# How do you find the equation of the tangent line to curve #y=(x-1)/(x+1)#, that are parallel to the line #x-2y=2#?

There are two such lines:

#y = 1/2x - 1/2#

#y = 1/2x + 7/2#

We start by noticing that the line can be converted to

#x - 2 = 2y -> y = 1/2x - 1#

This line has a slope of

We can find the derivative via the quotient rule.

#y' = (x + 1 - (x- 1))/(x +1)^2#

#y' = 2/(x+ 1)^2#

Set this to

#1/2 = 2/(x +1)^2#

#(x +1)^2 = 4#

#x + 1 = +- 2#

#x= 1 or -3#

The corresponding values of the function at these points are

#y(1) = (1- 1)/(1 + 1) = 0#

#y(-3) = (-3 - 1)/(-3 + 1) = 2#

Now we must use find the tangent line equations.

#y - 0 = 1/2(x - 1) -> y = 1/2x - 1/2#

#y - 2 = 1/2(x +3) -> y = 1/2x + 7/2#

Our answer is clearly viable which can be proved graphically.

Hopefully this helps!

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To find the equation of the tangent line to the curve y=(x-1)/(x+1) that is parallel to the line x-2y=2, we need to find the derivative of the curve and then use it to determine the slope of the tangent line.

The derivative of y=(x-1)/(x+1) is given by the quotient rule:

dy/dx = [(x+1)(1) - (x-1)(1)] / (x+1)^2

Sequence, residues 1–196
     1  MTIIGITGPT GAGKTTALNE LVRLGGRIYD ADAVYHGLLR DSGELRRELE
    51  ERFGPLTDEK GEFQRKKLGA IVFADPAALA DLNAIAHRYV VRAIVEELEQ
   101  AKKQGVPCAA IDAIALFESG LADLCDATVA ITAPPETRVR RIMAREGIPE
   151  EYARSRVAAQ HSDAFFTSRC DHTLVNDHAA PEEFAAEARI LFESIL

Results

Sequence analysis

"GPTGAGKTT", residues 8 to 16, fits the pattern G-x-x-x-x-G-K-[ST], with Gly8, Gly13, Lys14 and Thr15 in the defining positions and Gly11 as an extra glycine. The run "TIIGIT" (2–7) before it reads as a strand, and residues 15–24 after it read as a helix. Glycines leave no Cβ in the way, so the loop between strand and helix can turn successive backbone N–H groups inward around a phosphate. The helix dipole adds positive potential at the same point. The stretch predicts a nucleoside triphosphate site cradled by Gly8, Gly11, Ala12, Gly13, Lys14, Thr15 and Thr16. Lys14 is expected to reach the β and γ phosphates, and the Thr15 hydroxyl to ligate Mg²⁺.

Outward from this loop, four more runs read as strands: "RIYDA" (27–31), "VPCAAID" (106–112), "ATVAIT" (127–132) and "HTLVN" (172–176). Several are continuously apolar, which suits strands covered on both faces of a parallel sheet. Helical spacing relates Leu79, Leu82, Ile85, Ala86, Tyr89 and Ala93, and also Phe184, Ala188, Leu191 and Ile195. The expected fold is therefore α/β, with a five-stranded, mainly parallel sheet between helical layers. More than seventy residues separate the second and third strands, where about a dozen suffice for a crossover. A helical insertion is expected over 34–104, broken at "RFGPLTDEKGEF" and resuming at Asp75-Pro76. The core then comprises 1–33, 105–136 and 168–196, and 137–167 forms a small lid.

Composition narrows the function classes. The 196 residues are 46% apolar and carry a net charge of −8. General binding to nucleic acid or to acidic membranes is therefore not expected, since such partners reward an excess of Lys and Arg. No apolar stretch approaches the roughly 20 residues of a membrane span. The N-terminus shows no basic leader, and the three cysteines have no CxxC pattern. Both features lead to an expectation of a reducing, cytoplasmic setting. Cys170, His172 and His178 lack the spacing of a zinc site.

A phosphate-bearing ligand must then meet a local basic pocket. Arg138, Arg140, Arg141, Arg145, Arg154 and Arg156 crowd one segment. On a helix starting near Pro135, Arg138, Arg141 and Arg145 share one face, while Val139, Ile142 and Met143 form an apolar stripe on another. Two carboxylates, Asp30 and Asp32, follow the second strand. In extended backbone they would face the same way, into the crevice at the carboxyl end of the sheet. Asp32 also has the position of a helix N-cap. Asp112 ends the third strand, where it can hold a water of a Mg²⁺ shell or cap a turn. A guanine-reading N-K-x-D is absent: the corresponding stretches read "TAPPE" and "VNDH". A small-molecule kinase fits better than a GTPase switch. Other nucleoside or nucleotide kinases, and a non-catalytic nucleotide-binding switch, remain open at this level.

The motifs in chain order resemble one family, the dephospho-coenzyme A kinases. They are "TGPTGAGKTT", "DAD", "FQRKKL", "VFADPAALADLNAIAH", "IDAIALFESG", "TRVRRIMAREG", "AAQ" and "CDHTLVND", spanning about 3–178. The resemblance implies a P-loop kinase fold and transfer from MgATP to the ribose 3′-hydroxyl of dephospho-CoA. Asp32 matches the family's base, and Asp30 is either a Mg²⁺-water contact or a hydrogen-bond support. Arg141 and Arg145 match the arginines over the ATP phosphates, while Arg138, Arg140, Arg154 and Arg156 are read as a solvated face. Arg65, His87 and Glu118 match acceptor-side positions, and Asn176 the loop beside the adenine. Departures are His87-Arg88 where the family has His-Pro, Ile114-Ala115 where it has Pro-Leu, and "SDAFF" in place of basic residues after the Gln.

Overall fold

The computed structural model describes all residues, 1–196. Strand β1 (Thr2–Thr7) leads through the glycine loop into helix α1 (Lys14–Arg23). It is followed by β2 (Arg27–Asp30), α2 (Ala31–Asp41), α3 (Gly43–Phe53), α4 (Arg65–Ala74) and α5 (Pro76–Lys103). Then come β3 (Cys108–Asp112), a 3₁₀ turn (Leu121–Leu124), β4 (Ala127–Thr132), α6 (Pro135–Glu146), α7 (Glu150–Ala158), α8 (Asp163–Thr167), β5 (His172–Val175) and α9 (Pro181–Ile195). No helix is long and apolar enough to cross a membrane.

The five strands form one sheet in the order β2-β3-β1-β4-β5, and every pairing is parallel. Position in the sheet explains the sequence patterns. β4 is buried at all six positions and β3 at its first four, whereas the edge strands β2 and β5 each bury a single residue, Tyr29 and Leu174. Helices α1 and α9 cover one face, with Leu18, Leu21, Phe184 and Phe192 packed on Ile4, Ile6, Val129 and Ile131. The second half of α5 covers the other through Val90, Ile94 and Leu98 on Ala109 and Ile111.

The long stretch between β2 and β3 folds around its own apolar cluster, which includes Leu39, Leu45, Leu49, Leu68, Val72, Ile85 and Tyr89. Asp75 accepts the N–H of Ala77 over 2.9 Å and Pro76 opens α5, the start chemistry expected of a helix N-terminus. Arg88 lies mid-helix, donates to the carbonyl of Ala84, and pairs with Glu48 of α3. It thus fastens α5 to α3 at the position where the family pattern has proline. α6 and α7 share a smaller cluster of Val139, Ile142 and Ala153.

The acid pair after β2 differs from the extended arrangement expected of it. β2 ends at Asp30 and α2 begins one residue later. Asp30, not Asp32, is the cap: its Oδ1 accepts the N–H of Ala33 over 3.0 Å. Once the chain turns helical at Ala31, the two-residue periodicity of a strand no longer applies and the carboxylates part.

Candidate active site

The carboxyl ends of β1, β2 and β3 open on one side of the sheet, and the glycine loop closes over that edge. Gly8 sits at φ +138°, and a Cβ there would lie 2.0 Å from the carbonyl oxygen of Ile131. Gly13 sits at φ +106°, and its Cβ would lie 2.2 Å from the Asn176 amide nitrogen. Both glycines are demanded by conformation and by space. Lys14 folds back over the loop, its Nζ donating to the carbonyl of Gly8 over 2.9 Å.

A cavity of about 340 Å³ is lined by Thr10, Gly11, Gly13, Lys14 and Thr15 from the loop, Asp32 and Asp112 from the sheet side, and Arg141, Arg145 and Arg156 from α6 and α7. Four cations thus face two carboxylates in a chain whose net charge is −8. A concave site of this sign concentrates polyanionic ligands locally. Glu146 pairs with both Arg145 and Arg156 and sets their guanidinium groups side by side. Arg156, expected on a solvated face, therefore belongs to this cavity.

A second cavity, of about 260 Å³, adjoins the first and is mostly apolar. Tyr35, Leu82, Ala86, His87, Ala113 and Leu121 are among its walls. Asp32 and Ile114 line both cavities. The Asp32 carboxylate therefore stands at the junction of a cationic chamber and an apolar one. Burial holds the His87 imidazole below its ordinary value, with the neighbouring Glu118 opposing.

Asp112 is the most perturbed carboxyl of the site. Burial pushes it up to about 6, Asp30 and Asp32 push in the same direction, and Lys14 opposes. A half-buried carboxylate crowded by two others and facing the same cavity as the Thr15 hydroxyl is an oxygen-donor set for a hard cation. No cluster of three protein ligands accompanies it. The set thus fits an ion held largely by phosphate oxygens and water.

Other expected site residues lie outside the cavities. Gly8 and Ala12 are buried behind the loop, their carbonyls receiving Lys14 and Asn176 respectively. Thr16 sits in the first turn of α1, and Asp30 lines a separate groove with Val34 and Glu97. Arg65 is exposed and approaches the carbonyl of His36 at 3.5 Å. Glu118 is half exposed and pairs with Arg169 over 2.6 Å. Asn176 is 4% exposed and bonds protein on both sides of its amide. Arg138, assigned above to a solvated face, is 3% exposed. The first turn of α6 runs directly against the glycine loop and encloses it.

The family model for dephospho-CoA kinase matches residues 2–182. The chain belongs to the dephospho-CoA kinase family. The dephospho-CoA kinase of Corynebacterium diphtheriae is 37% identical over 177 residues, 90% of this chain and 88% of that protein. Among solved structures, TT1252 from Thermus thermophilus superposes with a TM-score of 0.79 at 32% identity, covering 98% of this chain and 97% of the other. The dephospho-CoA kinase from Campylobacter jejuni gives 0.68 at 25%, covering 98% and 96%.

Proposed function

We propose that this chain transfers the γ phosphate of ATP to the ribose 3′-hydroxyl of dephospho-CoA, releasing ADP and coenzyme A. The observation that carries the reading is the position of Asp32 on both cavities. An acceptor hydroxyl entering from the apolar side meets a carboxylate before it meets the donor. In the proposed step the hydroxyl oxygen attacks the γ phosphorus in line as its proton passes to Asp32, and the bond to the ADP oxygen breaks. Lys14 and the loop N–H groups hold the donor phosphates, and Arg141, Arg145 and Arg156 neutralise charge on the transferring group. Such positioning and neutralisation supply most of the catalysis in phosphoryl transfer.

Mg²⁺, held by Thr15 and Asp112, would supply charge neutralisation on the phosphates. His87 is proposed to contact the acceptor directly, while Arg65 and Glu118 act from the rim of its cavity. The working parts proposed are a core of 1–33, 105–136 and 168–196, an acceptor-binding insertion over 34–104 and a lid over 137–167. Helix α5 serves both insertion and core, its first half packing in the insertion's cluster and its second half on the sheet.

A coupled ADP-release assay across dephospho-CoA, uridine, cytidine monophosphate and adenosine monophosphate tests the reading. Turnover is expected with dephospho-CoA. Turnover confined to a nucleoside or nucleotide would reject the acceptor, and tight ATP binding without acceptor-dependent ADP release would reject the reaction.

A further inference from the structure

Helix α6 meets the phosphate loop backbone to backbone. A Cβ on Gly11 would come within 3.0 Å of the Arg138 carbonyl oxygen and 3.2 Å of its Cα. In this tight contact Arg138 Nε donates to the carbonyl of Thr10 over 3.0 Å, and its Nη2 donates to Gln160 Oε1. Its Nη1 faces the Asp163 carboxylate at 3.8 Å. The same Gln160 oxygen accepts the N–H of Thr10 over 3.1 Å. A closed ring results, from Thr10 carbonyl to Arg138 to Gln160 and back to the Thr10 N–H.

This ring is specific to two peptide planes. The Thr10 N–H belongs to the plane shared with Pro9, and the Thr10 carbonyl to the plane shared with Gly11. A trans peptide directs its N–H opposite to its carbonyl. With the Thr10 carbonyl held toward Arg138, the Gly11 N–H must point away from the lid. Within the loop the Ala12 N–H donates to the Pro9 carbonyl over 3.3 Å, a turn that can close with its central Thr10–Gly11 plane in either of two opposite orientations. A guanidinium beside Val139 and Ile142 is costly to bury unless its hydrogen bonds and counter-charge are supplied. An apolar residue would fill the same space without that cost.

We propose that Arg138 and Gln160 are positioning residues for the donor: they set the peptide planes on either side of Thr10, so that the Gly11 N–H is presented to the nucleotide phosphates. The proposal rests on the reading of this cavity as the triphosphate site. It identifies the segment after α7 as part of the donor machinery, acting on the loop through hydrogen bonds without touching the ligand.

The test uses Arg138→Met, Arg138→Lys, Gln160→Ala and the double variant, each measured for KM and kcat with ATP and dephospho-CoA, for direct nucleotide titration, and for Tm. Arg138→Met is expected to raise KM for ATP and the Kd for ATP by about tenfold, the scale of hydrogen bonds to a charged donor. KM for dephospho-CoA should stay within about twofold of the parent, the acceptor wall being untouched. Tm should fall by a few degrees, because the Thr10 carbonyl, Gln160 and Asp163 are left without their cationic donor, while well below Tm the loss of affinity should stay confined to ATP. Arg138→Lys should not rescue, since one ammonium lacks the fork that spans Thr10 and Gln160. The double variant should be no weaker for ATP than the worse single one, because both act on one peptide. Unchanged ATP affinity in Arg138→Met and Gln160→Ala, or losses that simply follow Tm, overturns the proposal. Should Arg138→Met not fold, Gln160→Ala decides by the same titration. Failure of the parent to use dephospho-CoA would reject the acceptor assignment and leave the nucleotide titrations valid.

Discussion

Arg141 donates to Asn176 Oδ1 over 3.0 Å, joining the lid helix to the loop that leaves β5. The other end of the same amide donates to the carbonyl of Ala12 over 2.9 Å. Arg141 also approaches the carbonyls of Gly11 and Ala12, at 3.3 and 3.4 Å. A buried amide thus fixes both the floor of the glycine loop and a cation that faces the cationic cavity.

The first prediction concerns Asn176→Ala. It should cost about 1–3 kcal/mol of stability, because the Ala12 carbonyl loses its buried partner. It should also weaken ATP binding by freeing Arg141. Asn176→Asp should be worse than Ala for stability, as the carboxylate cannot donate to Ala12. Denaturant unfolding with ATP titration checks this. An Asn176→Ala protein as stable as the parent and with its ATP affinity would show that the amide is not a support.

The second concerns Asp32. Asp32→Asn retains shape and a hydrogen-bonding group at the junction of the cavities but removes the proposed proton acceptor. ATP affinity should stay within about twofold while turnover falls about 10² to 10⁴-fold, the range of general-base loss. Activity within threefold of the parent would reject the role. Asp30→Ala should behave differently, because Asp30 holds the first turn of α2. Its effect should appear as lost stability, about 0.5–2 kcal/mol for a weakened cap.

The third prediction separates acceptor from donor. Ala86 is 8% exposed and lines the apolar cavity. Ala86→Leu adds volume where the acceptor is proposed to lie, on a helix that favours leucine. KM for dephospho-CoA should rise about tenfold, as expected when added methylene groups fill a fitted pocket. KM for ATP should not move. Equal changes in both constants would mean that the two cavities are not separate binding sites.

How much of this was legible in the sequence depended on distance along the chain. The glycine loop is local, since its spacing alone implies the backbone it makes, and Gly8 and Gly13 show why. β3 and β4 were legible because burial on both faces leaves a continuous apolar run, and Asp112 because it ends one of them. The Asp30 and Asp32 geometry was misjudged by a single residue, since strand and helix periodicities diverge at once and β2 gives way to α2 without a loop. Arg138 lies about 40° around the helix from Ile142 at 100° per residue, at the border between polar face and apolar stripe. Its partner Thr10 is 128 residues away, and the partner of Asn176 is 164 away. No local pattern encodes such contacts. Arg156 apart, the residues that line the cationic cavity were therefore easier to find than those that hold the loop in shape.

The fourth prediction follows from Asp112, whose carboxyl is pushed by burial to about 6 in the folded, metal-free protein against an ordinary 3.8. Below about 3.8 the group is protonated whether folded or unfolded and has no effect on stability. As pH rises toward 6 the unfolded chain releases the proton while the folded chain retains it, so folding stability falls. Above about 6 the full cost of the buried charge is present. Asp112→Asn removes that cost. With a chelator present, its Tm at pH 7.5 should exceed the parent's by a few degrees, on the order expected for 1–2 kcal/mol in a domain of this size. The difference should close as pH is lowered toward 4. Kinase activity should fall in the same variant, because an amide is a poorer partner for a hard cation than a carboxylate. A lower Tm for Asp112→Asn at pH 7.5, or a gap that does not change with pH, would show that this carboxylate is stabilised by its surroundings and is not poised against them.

Simplifying this expression, we get:

dy/dx = 2 / (x+1)^2

Since the tangent line is parallel to the line x-2y=2, it will have the same slope. The slope of the line x-2y=2 can be determined by rearranging the equation in slope-intercept form:

-2y = -x + 2 y = (1/2)x - 1

Comparing this equation to y=(x-1)/(x+1), we can see that the slope of the line is 1/2.

Therefore, the equation of the tangent line to the curve y=(x-1)/(x+1) that is parallel to the line x-2y=2 is:

y = (1/2)x + b

To find the value of b, we substitute the coordinates of a point on the curve into the equation. Let's choose the point (2, 1):

1 = (1/2)(2) + b 1 = 1 + b b = 0

Thus, the equation of the tangent line is:

y = (1/2)x + 0 y = (1/2)x

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When evaluating a one-sided limit, you need to be careful when a quantity is approaching zero since its sign is different depending on which way it is approaching zero from. Let us look at some examples.

When evaluating a one-sided limit, you need to be careful when a quantity is approaching zero since its sign is different depending on which way it is approaching zero from. Let us look at some examples.

When evaluating a one-sided limit, you need to be careful when a quantity is approaching zero since its sign is different depending on which way it is approaching zero from. Let us look at some examples.

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